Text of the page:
Internet Business Models

Evidently, there are two ways to make money on the Internet:

  1. Sell ads
  2. Sell stuff

There are plenty of companies selling stuff: Amazon and Apple are obvious examples.

But most of the cool new Internet companies are taking the advertising approach: Facebook, Twitter, Google, et al. These companies make all, or nearly all, of their money selling advertising.

This focus on advertising has some interesting effects. The users aren't the customers — if you're not paying for something, you're not the customer. Which means that, despite protestations of not doing evil or of making money to build better services, these companies are beholden to their advertisers (i.e., customers), not to their users.

On the other hand, the users are getting something for free (sort of), and it's hard to argue against that. This has some side effects. One area where companies are still charging for actual products is smart phone and tablet apps. But prices in that market are really low (99 cents! and Apple takes 30% of that), which makes it hard for anyone to make money, which in turn leads back to advertising (look at Angry Birds, for example).

So what are the results of all of this? Is the ad-based model going to destroy small software vendors? Probably not, but they may have to incorporate ads to make any money. When companies are more advertiser-focused and less user-focused, does that result in inferior products? I have no idea; I think we'll have to wait and see. (I'm not even sure how one would measure product quality.)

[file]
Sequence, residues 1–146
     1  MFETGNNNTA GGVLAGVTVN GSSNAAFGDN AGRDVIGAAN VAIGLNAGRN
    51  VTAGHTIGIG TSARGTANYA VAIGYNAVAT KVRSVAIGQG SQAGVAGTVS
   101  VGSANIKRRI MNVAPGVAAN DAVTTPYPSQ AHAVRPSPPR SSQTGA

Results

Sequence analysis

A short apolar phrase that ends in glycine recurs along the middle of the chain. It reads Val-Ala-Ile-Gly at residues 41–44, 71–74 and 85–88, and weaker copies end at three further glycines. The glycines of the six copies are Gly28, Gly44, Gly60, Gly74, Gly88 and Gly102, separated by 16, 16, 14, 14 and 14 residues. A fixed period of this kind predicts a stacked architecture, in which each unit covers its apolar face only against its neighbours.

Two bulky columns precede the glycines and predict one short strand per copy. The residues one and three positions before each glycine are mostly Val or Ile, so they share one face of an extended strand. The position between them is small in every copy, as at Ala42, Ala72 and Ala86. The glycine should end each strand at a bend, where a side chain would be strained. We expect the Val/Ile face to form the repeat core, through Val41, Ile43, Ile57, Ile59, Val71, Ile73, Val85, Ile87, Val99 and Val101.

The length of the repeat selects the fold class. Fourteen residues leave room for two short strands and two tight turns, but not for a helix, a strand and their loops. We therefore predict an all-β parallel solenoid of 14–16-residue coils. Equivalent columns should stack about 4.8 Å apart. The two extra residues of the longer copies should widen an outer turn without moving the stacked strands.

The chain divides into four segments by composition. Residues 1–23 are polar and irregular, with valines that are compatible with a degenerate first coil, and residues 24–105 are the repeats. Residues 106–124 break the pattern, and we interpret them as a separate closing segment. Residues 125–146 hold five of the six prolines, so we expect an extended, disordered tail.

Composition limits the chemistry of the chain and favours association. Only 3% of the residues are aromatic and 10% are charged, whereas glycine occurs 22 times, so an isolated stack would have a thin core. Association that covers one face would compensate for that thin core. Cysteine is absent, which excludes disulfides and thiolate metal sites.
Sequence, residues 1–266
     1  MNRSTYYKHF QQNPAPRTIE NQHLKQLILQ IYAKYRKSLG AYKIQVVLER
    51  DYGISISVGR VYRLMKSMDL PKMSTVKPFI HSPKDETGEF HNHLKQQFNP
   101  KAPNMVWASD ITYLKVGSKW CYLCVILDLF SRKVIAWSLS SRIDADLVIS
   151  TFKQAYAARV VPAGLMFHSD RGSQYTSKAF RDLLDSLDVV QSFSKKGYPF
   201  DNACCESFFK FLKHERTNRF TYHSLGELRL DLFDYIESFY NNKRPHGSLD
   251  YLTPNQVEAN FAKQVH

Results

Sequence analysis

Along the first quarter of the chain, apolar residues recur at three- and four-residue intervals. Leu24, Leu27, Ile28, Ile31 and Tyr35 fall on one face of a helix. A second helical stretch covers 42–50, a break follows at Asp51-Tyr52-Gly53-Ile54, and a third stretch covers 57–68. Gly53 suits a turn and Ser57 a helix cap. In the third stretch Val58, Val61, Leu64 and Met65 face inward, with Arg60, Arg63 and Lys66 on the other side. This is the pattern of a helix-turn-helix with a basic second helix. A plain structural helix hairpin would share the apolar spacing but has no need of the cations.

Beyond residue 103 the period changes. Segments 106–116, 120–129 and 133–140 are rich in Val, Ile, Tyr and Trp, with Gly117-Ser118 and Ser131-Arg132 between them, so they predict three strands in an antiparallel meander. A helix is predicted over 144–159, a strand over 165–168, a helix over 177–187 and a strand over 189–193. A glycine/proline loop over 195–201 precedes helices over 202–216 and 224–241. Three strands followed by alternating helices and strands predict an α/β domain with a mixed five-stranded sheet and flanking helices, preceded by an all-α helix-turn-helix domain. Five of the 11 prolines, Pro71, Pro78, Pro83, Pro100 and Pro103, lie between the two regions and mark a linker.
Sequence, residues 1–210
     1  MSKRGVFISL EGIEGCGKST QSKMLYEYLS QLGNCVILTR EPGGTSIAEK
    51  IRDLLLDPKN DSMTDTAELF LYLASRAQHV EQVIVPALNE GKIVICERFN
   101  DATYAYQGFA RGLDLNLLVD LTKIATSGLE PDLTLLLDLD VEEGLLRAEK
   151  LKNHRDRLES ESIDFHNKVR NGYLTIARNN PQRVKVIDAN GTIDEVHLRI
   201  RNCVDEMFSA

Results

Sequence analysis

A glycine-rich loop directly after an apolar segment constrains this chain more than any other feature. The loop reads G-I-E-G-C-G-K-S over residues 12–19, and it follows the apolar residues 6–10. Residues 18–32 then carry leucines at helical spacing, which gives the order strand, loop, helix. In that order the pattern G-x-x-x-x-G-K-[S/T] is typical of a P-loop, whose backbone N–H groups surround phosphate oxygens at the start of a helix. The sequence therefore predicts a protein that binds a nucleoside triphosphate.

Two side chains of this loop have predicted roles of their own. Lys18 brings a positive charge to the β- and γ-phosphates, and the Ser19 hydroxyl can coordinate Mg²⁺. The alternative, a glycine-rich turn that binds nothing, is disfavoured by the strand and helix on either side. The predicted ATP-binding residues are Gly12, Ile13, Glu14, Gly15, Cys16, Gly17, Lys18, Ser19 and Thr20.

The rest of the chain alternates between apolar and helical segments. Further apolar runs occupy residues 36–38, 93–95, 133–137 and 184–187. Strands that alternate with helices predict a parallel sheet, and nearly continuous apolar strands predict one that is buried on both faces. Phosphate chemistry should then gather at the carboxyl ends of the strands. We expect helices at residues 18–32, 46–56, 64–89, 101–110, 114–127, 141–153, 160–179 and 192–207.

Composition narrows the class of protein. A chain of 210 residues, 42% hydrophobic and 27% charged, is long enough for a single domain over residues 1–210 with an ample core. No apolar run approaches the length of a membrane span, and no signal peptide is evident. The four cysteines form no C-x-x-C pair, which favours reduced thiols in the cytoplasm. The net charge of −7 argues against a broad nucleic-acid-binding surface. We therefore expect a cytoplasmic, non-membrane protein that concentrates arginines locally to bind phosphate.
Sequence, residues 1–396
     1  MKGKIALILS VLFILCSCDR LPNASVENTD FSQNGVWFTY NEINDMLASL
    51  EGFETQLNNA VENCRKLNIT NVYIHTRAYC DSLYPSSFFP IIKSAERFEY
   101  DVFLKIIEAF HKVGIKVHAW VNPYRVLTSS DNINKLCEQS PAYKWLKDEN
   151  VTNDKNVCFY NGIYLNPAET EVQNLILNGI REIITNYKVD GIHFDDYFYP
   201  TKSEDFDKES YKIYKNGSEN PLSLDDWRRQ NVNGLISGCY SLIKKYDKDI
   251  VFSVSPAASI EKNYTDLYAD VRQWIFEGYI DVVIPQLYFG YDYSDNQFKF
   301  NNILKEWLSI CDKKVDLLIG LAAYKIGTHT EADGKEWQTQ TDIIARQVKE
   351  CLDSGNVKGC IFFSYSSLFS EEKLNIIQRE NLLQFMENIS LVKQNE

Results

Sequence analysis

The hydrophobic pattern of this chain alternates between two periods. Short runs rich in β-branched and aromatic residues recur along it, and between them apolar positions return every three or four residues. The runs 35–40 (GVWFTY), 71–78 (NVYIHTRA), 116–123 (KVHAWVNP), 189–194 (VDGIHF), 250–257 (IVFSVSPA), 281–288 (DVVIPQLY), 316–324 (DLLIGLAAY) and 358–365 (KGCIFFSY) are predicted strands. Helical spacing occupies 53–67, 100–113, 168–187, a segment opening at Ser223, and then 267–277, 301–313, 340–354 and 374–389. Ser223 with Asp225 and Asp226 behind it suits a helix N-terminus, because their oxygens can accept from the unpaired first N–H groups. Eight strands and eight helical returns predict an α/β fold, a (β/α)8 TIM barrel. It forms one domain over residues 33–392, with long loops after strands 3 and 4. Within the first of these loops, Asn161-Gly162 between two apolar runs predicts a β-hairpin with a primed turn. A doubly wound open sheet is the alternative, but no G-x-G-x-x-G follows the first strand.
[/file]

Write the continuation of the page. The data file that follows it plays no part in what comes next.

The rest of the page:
It's not just me

Dalton Caldwell complained about Twitter's business model and then proposed an alternative. An alpha version of was running as of mid-August 2012, charging $50 per year (or $100 for developers).

This has raised an interesting little backlash, with various pundits complaining that has the audacity to actually charge their users, with one going so far as to compare it to white flight. I find it interesting that people are perfectly willing to pay a few hundred dollars for an iPhone, and another $80/month for a data plan, but not $4/month for a social network. Then again, the detractors may be in the minority — we'll just have to wait and see.


One side effect of all of this is that the various players are trying to build walled gardens. Marco Arment suggests that Google killed Reader as part of their drive to push everyone and everything into Google+. Jeremy Keith laments the fact that sites are dropping RSS feeds (or not providing them in the first place). If they want to force their users into a walled garden, they'll avoid anything that enables interoperability.

I'm hoping the walled garden approach works out as well for Facebook, Apple, Twitter, et al. as it did for AOL.